I bet you’ve asked yourself this question at least once. You’re scrolling through Instagram and you see your friend from high school who has a six-pack and wonder how the hell they got there.
Did they have a personal trainer? Were they born with great genes? Are they on a weird diet that you could never stick to?
Maybe all of the above – but, more than likely, it took a whole lot of hard work, dedication, and consistency.
But the thing is, there are so many opinions about how to lose weight – it can be hard to know what’s best.
Some people say you should cut out all carbs, others advocate for hours of cardio every day.
So what’s the truth? What’s the best way to lose weight and keep it off? Keep reading to find out!
The Fad Diet Era
Fad diets have come into the world as a seemingly easy solution for fat loss.
One thing they all have in common is the promise of quick and easy results with little effort on the part of the dieter.
However, these diets are often unbalanced and can actually lead to weight gain in the long run.
They can also be dangerous, as they may not provide all of the nutrients needed for optimal health and performance.
The most common fad diets are keto, carnivore, detox, vegan and raw food diet.
There is a lot to say about all of these approaches to nutrition, so if you fancy learning more, keep reading!
Just last week we published our take on the Ketogenic diet VS IIFYM, so click here if that sounds like an interesting topic to you!
Excluding Certain Foods
Besides fad diets, there is another ‘theory’ about successful weight-loss, and it is based on completely excluding certain foods from your plan.
Many people believe that excluding foods like bread, fizzy drinks, and sugar from your diet is the key to weight-loss.
However, this is not always the case.
In fact, some of these “unhealthy” foods can actually be detrimental to your weight-loss goals.
Why? Because they might be your stepping stone of pleasure and enjoyment of food, leading you to actually stick to your plan!
And so, if certain diets and excluding foods from your nutrition plan are not the ‘key’ to weight-loss… What is?
Let’s start by understanding how the body works!
The Fundamental Principle
Losing weight is hard. It takes a lot of time and effort, and it can be frustrating when you don’t see results.
But more often than not, it is so because most people focus on the wrong things when they’re trying to lose weight, which makes the process even harder than it has to be.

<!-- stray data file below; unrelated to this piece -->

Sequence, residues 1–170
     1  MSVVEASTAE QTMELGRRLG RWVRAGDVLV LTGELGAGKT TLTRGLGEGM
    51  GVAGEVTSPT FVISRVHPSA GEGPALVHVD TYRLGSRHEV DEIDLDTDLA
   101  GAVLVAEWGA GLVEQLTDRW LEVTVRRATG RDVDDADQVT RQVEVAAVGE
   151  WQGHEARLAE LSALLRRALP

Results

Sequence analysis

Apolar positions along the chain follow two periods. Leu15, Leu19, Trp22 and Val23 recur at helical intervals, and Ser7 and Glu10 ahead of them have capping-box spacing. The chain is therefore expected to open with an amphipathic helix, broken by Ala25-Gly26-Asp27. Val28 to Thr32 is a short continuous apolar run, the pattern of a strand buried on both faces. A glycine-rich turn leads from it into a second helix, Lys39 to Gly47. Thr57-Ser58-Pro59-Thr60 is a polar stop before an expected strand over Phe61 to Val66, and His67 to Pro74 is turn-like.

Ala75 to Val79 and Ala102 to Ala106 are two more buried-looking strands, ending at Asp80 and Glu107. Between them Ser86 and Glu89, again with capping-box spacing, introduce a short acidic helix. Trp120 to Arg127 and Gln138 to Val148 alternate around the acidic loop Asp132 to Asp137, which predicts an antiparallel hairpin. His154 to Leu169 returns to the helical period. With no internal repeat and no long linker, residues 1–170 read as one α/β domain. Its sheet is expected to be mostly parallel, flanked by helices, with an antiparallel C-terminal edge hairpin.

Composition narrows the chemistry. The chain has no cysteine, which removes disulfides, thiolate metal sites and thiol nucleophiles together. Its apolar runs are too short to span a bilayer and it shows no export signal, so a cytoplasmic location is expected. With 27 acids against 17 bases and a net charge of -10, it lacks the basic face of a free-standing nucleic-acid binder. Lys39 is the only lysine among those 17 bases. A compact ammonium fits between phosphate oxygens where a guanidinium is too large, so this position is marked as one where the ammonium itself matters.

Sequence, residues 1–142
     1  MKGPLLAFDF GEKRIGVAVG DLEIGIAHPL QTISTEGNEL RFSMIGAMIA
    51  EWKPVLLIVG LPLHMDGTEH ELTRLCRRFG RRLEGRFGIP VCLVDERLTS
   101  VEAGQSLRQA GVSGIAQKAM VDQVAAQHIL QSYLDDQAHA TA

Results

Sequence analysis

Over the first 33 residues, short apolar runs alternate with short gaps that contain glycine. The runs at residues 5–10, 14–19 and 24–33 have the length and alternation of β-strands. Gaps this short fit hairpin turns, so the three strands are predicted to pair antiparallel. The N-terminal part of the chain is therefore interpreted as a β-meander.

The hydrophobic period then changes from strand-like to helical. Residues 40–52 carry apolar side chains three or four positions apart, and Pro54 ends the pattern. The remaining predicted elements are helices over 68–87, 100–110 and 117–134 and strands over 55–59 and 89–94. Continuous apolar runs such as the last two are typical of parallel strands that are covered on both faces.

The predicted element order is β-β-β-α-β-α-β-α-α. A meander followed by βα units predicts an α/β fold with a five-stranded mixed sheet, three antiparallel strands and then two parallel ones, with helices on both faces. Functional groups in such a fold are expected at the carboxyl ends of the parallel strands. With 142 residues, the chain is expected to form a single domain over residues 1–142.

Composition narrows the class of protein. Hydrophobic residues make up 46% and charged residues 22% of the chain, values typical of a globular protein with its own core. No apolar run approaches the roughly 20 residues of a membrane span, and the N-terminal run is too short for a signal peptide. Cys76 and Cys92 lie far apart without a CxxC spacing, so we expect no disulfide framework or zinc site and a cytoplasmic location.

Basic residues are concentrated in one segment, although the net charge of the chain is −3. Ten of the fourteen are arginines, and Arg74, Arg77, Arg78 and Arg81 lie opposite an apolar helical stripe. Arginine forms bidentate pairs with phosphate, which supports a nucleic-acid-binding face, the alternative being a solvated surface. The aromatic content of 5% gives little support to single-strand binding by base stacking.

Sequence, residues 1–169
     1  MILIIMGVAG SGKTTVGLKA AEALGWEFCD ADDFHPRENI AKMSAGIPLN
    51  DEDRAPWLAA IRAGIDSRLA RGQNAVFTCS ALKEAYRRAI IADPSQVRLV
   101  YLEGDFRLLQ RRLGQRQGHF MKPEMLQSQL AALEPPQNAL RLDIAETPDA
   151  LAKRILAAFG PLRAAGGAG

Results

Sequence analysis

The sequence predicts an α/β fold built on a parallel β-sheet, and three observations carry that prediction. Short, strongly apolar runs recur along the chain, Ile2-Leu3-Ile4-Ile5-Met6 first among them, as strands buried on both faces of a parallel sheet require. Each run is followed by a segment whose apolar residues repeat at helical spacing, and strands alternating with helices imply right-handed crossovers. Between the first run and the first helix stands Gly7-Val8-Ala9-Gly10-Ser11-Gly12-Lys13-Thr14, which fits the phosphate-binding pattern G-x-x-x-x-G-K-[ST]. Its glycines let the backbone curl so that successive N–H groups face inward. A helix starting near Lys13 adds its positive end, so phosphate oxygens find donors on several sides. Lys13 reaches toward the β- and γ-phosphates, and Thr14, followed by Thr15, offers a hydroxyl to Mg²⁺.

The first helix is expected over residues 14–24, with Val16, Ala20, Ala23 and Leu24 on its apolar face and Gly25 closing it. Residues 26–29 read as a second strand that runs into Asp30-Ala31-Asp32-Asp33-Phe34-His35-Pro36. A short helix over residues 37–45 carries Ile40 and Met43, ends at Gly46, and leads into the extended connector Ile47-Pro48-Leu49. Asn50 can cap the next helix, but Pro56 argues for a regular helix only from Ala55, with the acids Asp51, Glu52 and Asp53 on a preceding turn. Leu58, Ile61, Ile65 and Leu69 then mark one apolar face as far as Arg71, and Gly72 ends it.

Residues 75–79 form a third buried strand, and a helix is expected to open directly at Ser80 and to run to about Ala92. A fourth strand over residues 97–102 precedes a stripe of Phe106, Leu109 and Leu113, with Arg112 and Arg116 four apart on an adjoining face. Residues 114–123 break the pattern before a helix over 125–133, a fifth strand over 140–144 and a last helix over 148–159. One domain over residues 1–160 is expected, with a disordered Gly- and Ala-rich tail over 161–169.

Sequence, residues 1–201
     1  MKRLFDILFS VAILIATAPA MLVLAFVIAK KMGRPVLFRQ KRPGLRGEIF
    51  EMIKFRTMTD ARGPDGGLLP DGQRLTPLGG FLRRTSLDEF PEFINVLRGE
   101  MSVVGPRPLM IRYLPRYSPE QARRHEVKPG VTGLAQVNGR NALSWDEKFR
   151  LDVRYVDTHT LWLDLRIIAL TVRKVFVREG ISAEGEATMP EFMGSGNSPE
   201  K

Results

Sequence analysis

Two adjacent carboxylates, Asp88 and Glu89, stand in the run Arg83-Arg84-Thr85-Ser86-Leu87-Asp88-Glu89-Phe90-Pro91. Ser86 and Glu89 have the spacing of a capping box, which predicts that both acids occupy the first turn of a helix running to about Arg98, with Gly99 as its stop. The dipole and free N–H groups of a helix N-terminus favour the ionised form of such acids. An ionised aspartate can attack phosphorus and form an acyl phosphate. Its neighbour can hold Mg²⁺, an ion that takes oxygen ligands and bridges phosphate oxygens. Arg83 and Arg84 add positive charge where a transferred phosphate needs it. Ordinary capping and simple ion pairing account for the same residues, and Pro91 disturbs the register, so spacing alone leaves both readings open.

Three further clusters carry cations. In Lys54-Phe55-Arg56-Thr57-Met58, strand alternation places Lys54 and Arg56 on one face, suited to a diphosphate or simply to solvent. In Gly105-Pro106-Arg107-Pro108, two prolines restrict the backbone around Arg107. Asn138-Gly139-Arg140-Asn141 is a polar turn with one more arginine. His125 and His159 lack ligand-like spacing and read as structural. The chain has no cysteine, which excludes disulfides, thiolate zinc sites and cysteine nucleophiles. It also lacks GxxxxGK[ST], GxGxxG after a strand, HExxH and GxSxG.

The thing is, there is one simple, fundamental concept for weight-loss, that cannot be worked around.
A concept that you can follow and get results for certain.
That concept is namely referred to as “eating in a caloric deficit.”
When you eat in a caloric deficit, it means that you are consuming fewer calories than your body is burning.
This creates a “deficit” of sorts and forces your body to start burning fat for energy, to compensate for the deficit of energy.
It’s really that simple.
You can use a macro calculator like the one on traininginthebay.com where you can get information for your maintenance calories and a suggested caloric deficit (around 500 calories per day less than maintenance.)
However, you should know that this is just an approximate calculation.
To determine the exact calories you need to be in a deficit of 500 calories, you need to experiment with food amounts until you reach the point where you lose about 1 lb per week.
And Some Details…
Now, when it comes to weight-loss, calories are not the only important thing.
Macronutrients matter too.
Protein, carbohydrates, and fat are all important for losing weight and keeping it off.
It’s important to have a balanced diet that includes all of these macronutrients.
Think of it this way – protein means recovery, fat means hormonal balance, and carbohydrates mean energy.
Generally speaking, you should be aiming for 0.8-1g of protein per lb of body weight, and about 0.45g of fat per lb.
The rest of the calories remaining after calculating protein and fat can be used for carbohydrates.
However, don’t over-fixate on calculating every single bite that goes into your mouth.
Focus on being active, eating good foods in good amounts, and getting good sleep.
Include Diet Breaks!
When you’re trying to lose weight, taking regular diet breaks can be a good option.
This allows your metabolism to take a rest and avoid any potential plateaus.
However, a diet break doesn’t mean completely neglecting your diet and ditching everything you’ve done so far.
It only means doing everything you’ve done thus far with a caloric deficit, but eating slightly more so that you are at maintenance calories.
That is to say that during a diet break, no significant and drastic changes in weight must be observed.
A diet break can be taken every 3-4 weeks, for 10-14 days, after which, the normal deficit should be continued.
So, if you’re looking to slim down and want to do it the healthy way, forget about all of those gimmicky diets out there that promise quick results.
The only true path to weight-loss is through a caloric deficit, consuming enough protein, fats, and carbs, and exercising well.
We hope this post has helped clear up some of the confusion around weight-loss – now go put what you’ve learned into action!